Upper Thumb schools quickly adapt to COVID testing rules for athletes | #coronavirus | #kids. | #children | #schools

Photo of Mark Birdsall

Harbor Beach athletic director Troy Schelke, left, and athletics secretary Pat Terrill demonstrate the COVID-19 testing process the school, along with all other Michigan high schools, have instituted since rules requiring testing of a prep athletes took effect earlier this month. 

It’s been three weeks since new rules went into effect requiring high school athletes in the state of Michigan to undergo a weekly COVID-19 test to practice and compete for the remainder of the 2020-2021 school year, and area school districts have quickly adapted to the new policy.

Every Monday morning before classes begin at Harbor Beach High School, more than 80 prep athletes report for an antigen test. Athletic director Troy Schelke and Superintendent Shawn Bishop are two of the staff members who administer the tests. Harbor Beach has conducted about 250-255 tests over the past three weeks, and just two athletes have tested positive over that period of time. 

Both Schelke and Bishop said that their athletes have taken the whole process in stride, quickly adapting to the new normal in a year where almost nothing has been normal. They know their fellow prep athletes throughout Michigan are going through the same thing.

“Our student-athletes have been nothing but exceptional,” Bishop said. “Their attitude has been good. We’ve had no problems at the point of testing. Maybe it’s a reflection of our kids — we’ve got some really good kids.”

Bishop said testing on Monday morning simplifies contact tracing and acts as a way to isolate an athlete that happens to test positive. The health department will retrace that student’s steps for the previous 48 hours, minimizing the potential impact on any other students.

Harbor Beach has two teams of three staff members plus an alternate that conduct the testing. Those teams include high school principal Aaron Bulgrien, athletic secretary Pat Terrill, teacher Ben Smith, superintendent administrative assistant Deb Hunter and school nurse Tally Hogue. Schelke said he’s grateful that Terrill and Hogue have medical backgrounds, a fact that reinforces a sense of confidence in the process.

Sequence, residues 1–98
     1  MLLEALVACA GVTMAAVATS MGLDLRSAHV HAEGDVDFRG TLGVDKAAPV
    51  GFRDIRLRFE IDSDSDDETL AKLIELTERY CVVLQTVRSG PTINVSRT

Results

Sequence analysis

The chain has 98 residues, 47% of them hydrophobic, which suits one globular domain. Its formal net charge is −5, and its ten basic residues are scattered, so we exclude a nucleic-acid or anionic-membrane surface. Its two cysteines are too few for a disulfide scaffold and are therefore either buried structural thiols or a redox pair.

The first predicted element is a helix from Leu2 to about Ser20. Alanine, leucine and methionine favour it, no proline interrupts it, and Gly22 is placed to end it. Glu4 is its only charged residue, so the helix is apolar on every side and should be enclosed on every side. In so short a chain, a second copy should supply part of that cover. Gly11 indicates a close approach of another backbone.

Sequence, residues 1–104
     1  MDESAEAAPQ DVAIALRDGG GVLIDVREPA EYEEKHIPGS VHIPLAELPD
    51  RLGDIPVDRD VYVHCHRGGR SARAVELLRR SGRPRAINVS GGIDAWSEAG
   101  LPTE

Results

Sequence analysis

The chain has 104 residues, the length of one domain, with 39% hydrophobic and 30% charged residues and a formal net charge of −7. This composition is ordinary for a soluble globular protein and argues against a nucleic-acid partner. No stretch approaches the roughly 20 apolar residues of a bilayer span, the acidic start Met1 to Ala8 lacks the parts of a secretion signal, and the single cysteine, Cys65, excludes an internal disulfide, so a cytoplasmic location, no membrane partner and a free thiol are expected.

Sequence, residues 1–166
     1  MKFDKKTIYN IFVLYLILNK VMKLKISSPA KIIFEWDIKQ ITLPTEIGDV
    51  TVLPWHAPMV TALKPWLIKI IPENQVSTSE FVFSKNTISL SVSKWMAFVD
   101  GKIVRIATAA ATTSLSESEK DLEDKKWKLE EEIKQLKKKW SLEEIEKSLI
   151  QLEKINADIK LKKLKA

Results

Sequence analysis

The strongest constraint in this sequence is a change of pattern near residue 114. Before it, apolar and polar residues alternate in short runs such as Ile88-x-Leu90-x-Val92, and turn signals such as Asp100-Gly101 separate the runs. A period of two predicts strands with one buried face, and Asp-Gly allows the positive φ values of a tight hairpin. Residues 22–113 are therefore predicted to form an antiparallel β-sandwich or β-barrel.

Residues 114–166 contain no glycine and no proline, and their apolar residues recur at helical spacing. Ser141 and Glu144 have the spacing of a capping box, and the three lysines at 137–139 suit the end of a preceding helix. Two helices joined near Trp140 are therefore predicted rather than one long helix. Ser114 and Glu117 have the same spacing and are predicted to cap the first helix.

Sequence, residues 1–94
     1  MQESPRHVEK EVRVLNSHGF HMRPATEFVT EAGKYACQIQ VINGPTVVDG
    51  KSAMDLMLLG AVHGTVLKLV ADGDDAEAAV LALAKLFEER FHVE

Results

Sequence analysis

Bishop said students arrive throughout the testing period, which lasts about 45 minutes, so backups have not been an issue. Schelke said having so many other staff members pitch in has been invaluable. Many have drawn upon their experience gained from the testing of teachers earlier in the school year and adapted a system that was already in place to test students.

“It’s been a true team effort,” Schelke said. “I can’t imagine trying to handle this alone.”

Harbor Beach has a handful of students who are exempt from the testing requirements because they have recovered from a COVID-19 infection or had positive PCR test results within the past 90 days, have documented proof and are symptom-free.

Support staff upload any positive test results to a state website, and any student-athlete who tests positive has the option to obtain a PCR test and is cleared to participate if those results come back negative. Bishop stressed that the confidentiality of students is a primary concern, and his staff uses numbers to identify students during the testing process.

“We want to give every kid as much dignity as we can,” Bishop said.

Chad Knoblock, athletic director and girls track and field coach for North Huron High School, conducts testing of his student-athletes every Wednesday.
He and a couple of other North Huron coaches perform about 45 tests each week, and no athletes have tested positive so far.

As head football coach, Knoblock gained experience with testing as the Warriors pursued a state title after sports were allowed to resume in January. During the football playoffs, testing was conducted three times a week, so when it came time to set up testing procedures for spring sports, Knoblock said the task didn’t prove to be too difficult. He added that once his student-athletes knew what was required of them, it made the whole process even easier.

“Once the kids understand what their role is, you can move through the tests pretty quickly,” he said. “We’re a finely tuned machine now.”

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